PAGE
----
Ketch Schooner Yawl Cutter

Dipping / lugsail

Dipping / lugsail

Lateen

Cutter Ship Blueprints

Lateen

Gaff rig

The modem Dutch boeier (below) has changed little from the designs which could be seen in the Netherlands in the 17th century.The gaff mainsail, from which the rig derives its name, is four-sided and set from a movable spar, or gaff, as it is known.

Dutch boeier

Dutch boeier

17th Century Ketch

Marconi rig

The Marconi mainsail, from which the rig derives its name, superseded the gaff rig in the early years of the 20th century. It is a triangular sail set on a tall mast.

Cutter (J class)

Marconi rig

The Marconi mainsail, from which the rig derives its name, superseded the gaff rig in the early years of the 20th century. It is a triangular sail set on a tall mast.

Cutter (J class)

Clase Hull

Staysail schooner

Staysail schooners have sails set forward on stays. A mainsail is sometimes set on the main mast (below).

Staysail schooner

Three-masted staysail schooner

Staysail schooner

Staysail schooners have sails set forward on stays. A mainsail is sometimes set on the main mast (below).

Staysail schooner

Three-masted staysail schooner

Three Masted Yacht

still true today. The Arabian dhows, a typical example, were probably once the fastest small trading vessels in the world, and are still used.

In the West, different waters, cargoes and financial considerations necessitated different designs. Economic factors, for instance, demanded that crews were limited: the rig of a Thames barge, a boat which is bigger than most dhows, was designed to be handled by a crew of only two. Long journeys across oceans were most easily conducted in large vessels and the vast amount of canvas which was required to drive them had to be broken down into manageable units. Some of the enormous cargo vessels, which were built at the turn of the century, carried as many as seven masts. The variety of rigs which evolved in Europe and North America to meet all the different needs were numerous.

Rig variations

Square-rigged ships, particularly suited to sailing downwind, traversed the oceans by exploiting the steady trade winds. In European and other coastal waters, where winds are more variable, square sails were combined with fore-and-aft rigs. These latter rigs, which set the sails lengthways along the boat, were more suited to windward sailing. Barques and barquentines, brigs and brigantines, snows, schooners, ketches and yawls plied the coastlines. Each exploited its special advantages, whether of speed, ease of handling, cargo-carrying capacity, or of maneuverability in narrow channels.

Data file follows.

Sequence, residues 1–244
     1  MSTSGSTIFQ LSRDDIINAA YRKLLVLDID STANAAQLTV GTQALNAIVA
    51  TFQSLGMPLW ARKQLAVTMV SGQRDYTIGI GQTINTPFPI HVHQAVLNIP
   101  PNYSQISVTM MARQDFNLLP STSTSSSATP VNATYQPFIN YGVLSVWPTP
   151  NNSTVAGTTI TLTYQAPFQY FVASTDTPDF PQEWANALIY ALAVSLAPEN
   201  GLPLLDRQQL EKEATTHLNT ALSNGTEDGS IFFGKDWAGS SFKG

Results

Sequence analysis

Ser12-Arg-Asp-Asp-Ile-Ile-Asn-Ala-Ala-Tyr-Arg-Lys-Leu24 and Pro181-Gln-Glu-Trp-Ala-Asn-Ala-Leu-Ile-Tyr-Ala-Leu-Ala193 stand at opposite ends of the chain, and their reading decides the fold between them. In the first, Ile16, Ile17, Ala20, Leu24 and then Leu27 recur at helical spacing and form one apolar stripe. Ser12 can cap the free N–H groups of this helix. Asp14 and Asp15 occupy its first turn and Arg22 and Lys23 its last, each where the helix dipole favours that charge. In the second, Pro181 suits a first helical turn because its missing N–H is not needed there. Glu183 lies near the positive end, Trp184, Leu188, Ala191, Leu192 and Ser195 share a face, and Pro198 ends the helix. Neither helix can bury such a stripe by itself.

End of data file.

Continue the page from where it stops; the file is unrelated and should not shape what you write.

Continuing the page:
In other parts of the world, different solutions were found. The Chinese lugsail, for example (popularly known in the West as the "junk" rig) is efficient both when sailing to windward and when sailing free, and can be easily reefed and managed by a small crew. Because the sail is made up in sections and stiffened by bamboos, it is also easily and cheaply repaired. Although this simple but efficient rig was never adopted on working boats in other parts of the world, designers have begun recently to recognize its advantages and the junk rig is being adapted for use on some modern boats.

In most parts of the world, the old work boats are no longer employed. The big square-riggers, as well as the smaller coastal vessels, were largely usurped by steam-powered craft in the early years of this century. Those which survived, the cutter, ketch, yawl and schooner, did so because their size and rig made them particularly suitable for recreational sailing. Many early cruising boats were old converted pilot cutters or fishing smacks and most present day yachts with their fore-and-aft rigs are adaptations of those types. All fore-and-aft rigs consist of a main mast with a headsail set in front of it and a mainsail set behind. Each rig varies a little from the others. The cutter, for example, has one mast with two or more headsails and a gaff or Marconi mainsail. The sloop rig (now probably the most popular in the Western world) has a single headsail and a mainsail. Ketches and yawls carry an additional mast, known as a mizzen mast, stepped in the after part of the boat. In a ketch, the mizzen is stepped forward of the rudder post and on a yawl it is stepped behind it.

Right, the 1991 Admiral's Cup fleet at the start of one of its inshore races.

Inset, top, a gaff ketch, with all its sails set, reaches in a light breeze.

Inset, middle, a staysail schooner with a gaff mainsail, sets an array of staysails and headsails.

Inset, bottom, a modem cruising boat, rigged as a junk schooner.

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How To Have A Perfect Boating Experience

How To Have A Perfect Boating Experience

Lets start by identifying what exactly certain boats are. Sometimes the terminology can get lost on beginners, so well look at some of the most common boats and what theyre called. These boats are exactly what the name implies. They are meant to be used for fishing. Most fishing boats are powered by outboard motors, and many also have a trolling motor mounted on the bow. Bass boats can be made of aluminium or fibreglass.

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Responses

  • martin
    Can a yawl be converted to a schooner?
    11 months ago
  • BRHANE FUTSUM
    Can a ketch be converted to a sloop easily?
    8 months ago

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